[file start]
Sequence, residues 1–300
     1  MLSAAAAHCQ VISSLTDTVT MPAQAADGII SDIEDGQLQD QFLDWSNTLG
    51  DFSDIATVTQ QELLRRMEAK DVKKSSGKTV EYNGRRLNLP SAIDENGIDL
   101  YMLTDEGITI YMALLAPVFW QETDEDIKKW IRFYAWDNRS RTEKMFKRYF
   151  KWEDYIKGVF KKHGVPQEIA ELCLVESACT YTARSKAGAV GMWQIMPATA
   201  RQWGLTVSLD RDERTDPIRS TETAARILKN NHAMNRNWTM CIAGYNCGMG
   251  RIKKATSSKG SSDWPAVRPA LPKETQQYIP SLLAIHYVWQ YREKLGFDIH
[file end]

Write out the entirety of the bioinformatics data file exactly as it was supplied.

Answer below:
Sequence, residues 1–300
     1  MLSAAAAHCQ VISSLTDTVT MPAQAADGII SDIEDGQLQD QFLDWSNTLG
    51  DFSDIATVTQ QELLRRMEAK DVKKSSGKTV EYNGRRLNLP SAIDENGIDL
   101  YMLTDEGITI YMALLAPVFW QETDEDIKKW IRFYAWDNRS RTEKMFKRYF
   151  KWEDYIKGVF KKHGVPQEIA ELCLVESACT YTARSKAGAV GMWQIMPATA
   201  RQWGLTVSLD RDERTDPIRS TETAARILKN NHAMNRNWTM CIAGYNCGMG
   251  RIKKATSSKG SSDWPAVRPA LPKETQQYIP SLLAIHYVWQ YREKLGFDIH